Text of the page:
The base saving throw for spells is 10 + Ability Modifier + Spell Points/3.  Increasing the save for a particular manifestation costs 1 spell point per point of save.  Decreasing the saving throw reduces the spell points required to cast the spell by one per point of save.  You cannot decrease the saving throw DC to less than 10 in this way and still save point costs.

Focus Elements:

Rude chunk of granite increases damage by 1 die category
Adequate guano and charcoal dust increases damage by 2 die categories
Superb Jade bladed dagger adds 3 to save
Sublime 12 sided polished crystal deals 4 points of ability damage


The default range of a spell is touch or personal.  Increasing the range costs the points indicated per range increment.

Close is 25 feet plus 5 feet per two caster levels.  (1)

Medium is 100 feet + 10 feet per caster level.  (1)

Long range is 400 feet + 40 feet per caster level.  (2)

Local range is 1600 feet + 160 feet per caster level.  (3)

Regional is 1 mile + 1/10 mile per caster level.  (5)

Baronial range is 4 miles + 1/2 mile per caster level (8)

County range is 16 miles + 1 1/2 miles per caster level (13)

Duchy range is 64 miles + 6 1/2 miles per caster level (21)

Country range is 256 miles + 25 miles per caster level (34)

Empirical range is 1024 miles + 100 miles per caster level (55)

Continental range is 4096 miles + 400 miles per caster level (89)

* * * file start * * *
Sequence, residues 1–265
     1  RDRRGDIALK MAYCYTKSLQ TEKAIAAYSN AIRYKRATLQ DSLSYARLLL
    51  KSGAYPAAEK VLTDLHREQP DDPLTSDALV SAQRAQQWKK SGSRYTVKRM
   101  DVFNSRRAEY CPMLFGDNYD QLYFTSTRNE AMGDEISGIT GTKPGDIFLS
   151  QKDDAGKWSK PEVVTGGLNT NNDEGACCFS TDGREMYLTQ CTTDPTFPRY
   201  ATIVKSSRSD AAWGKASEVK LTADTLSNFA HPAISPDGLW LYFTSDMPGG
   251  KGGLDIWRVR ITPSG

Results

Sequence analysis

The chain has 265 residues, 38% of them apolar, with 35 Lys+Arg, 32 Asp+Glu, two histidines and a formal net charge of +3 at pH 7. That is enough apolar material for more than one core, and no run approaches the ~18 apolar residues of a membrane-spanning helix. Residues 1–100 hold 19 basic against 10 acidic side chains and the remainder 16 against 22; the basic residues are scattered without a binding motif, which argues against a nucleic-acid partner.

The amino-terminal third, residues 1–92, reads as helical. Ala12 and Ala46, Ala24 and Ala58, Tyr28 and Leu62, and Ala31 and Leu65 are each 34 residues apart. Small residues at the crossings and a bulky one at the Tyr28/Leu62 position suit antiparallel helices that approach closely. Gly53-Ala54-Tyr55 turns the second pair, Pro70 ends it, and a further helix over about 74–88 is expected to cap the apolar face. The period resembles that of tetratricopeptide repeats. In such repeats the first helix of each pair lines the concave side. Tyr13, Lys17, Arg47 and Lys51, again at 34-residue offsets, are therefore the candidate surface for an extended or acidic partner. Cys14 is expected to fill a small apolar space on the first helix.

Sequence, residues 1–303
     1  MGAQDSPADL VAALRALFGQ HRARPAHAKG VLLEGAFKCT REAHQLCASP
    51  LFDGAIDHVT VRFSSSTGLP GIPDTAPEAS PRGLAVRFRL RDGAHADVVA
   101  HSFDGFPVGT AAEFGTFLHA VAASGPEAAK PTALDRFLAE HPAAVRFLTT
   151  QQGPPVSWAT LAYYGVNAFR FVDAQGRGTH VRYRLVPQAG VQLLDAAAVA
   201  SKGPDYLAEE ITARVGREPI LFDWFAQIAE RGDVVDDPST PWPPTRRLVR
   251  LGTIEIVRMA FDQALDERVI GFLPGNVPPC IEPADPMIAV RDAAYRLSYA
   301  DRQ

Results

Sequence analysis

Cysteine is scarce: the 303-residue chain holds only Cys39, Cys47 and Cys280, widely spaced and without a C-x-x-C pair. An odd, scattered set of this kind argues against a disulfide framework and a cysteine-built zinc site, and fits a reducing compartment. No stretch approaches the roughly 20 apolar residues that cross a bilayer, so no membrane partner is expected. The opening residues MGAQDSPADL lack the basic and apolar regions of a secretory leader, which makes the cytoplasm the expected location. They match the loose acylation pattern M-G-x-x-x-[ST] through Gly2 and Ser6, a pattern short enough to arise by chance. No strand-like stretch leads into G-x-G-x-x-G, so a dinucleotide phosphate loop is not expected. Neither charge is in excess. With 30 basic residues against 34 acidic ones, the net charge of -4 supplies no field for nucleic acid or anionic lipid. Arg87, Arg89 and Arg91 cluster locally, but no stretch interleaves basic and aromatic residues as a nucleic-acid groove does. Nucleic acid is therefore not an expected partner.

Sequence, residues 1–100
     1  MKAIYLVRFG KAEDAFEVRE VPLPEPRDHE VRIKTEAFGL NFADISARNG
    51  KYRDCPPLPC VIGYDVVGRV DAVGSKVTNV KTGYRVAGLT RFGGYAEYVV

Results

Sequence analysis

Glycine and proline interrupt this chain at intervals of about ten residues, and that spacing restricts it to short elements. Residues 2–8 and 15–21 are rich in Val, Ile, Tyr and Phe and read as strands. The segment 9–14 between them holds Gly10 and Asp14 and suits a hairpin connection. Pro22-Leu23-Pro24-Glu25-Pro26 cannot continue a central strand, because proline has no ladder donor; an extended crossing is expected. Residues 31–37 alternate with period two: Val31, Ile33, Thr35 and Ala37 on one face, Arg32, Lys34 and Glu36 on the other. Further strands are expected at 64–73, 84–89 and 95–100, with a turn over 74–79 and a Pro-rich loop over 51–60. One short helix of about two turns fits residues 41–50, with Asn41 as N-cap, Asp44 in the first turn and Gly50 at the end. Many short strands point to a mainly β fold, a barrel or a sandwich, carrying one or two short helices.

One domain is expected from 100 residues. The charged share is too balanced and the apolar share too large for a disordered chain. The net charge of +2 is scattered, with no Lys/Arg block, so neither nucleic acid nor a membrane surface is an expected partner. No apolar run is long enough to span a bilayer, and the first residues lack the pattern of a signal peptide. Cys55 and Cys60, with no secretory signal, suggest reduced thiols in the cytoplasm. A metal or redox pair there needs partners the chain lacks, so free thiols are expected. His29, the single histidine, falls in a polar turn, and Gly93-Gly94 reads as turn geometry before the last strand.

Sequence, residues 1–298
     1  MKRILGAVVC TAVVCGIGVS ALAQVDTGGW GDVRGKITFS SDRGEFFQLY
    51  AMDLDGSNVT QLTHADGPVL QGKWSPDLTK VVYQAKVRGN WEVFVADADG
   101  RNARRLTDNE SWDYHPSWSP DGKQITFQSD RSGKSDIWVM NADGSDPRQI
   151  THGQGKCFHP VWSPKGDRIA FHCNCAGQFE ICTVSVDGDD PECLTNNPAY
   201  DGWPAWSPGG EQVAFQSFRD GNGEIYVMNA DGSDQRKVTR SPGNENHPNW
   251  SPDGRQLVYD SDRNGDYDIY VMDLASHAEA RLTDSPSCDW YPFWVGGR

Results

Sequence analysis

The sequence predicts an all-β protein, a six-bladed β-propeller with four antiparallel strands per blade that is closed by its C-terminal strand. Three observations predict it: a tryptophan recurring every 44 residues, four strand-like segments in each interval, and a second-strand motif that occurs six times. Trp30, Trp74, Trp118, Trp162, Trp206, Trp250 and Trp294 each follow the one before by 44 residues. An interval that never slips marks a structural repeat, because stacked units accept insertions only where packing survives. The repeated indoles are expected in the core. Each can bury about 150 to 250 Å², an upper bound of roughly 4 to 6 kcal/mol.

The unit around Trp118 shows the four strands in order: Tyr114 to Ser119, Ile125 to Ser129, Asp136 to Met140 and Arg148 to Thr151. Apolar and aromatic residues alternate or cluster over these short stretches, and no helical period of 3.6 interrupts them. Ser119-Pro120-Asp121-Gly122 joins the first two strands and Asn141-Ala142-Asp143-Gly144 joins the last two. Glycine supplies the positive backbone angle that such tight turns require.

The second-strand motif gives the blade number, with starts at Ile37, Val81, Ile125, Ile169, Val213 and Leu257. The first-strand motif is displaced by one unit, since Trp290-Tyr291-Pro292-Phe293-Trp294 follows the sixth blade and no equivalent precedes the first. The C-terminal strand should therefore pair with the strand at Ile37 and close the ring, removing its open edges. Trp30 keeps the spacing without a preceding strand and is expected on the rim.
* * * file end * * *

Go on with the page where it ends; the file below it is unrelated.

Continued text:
Focus elements:

Rude 3 flight feathers 1 free range increment
Adequate preserved whole wing 2 free range increments
Superb 2 polished crystal lenses 3 free range increments
Sublime Gold spyglass with diamond lenses 4 free range increments


Casting spells requires concentration.  Utilizing different focusing techniques can make spellcasting less taxing on the caster.  It is assumed that all spells are cast with verbal and somatic components. Focusing energies through these mental foci are a basic technique that may be eschewed.  Forgoing the verbal component will increase the spell point cost by 2, and forgoing the somatic component will also increase the spell point cost by 2.

Channeling spell power from the flow into the material plane can often be facilitated by using a properly aligned material focus.  Using a focus reduces the number of spell points required to enact the spell.  There are two kinds of focus:  Seed foci, and Effect foci.

Seed foci are related to the school of the spell being cast, and come in 4 qualities: Rude, Adequate, Superb, and Sublime.  Each school has it’s own focus material, and each level of quality is increasingly rare.